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Based on a Daphne DuMaurier story, this Alfred Hitchcock thriller stars Charles Laughton as Squire Pengallon, the head of a band of smugglers in Victorian-era England.
Laughton is compelling from the first instant: His Pengallan is at least five of the seven deadly sins rolled into one, a cheerfully loathsome creature with wide-set eyebrows and a multitude of chins ...
The result is weird, but not wonderful.
Jamaica Inn, while no classic, seems undeserving of its reputation as a failure.
By common consent, one of Alfred Hitchcock's poorest and least personal works, though it has some compensations.
Having set his own standards, Alfred Hitchcock must be judged by them; and, by them, his Jamaica Inn is merely journeyman melodrama.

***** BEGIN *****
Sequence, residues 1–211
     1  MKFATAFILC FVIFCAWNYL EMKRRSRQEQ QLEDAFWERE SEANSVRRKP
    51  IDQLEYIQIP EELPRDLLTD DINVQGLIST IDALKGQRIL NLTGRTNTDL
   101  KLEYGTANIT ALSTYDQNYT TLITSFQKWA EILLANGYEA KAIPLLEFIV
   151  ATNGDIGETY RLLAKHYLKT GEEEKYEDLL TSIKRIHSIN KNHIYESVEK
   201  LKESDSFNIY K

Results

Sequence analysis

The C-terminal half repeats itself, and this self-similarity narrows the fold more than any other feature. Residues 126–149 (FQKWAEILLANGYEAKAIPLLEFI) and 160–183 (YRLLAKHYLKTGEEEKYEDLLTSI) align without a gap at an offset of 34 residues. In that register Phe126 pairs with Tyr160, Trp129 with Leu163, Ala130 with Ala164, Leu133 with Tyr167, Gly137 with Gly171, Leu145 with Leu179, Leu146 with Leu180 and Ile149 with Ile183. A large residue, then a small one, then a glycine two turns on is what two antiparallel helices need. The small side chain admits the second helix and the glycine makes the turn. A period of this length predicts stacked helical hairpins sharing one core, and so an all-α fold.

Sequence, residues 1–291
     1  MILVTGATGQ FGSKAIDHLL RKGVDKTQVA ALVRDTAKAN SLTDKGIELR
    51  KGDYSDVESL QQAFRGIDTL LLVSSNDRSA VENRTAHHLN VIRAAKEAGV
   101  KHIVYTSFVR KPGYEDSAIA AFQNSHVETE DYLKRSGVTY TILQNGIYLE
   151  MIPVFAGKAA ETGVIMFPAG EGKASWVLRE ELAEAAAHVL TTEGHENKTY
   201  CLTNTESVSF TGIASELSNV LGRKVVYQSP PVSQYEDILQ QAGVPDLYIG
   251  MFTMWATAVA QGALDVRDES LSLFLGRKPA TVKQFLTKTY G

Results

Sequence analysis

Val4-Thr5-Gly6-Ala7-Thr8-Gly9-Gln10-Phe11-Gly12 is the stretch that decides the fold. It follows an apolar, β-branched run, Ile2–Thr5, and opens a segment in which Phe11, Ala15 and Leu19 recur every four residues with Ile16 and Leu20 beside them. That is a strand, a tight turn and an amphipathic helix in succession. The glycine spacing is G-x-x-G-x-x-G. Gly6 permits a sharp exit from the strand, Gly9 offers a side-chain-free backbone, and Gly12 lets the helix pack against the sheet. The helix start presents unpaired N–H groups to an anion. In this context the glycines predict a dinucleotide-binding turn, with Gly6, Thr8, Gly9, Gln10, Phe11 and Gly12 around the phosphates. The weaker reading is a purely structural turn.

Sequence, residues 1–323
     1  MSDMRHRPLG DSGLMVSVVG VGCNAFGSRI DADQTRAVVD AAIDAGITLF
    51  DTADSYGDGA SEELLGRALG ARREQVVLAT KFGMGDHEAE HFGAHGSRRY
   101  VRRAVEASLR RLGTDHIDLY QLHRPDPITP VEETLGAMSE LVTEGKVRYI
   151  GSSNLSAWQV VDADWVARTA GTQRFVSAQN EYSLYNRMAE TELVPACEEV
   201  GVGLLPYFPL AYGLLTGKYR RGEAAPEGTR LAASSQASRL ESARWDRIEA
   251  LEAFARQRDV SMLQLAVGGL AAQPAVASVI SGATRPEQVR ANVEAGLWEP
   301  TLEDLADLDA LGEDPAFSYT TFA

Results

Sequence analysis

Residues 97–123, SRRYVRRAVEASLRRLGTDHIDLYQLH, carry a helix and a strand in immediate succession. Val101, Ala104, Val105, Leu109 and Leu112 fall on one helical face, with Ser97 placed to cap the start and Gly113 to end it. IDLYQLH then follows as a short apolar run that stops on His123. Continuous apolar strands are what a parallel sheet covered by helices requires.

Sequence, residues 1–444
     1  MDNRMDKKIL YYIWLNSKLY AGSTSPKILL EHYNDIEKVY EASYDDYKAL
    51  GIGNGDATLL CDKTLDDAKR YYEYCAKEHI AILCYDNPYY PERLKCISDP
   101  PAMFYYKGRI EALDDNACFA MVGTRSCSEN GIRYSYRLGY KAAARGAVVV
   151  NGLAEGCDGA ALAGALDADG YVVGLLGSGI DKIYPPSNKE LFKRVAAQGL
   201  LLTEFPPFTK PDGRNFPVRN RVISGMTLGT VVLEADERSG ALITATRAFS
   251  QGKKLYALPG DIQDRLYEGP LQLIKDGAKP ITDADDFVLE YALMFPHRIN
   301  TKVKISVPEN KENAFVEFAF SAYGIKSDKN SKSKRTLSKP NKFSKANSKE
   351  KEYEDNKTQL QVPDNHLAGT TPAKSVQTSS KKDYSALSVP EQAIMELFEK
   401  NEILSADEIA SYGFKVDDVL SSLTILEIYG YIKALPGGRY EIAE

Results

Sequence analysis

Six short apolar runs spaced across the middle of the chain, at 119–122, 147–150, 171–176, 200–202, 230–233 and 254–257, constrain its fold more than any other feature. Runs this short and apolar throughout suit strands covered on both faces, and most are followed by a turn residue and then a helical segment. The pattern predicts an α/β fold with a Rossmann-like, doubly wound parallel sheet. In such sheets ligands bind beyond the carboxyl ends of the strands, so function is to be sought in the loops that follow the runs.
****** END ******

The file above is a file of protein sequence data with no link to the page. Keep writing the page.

This lurid story of violence and brutality is lavishly staged.
Superb direction, excellent casting, expressive playing and fine production offset an uneven screenplay to make Jamaica Inn a gripping version of the Daphne du Maurier novel.
It could have come across as strictly a work-for-hire gig, but it displays enough Hitchcockery to show he wasn't as disengaged from the material as he would later claim he was.
Jamaica Inn is a fraud perpetrated with great names.
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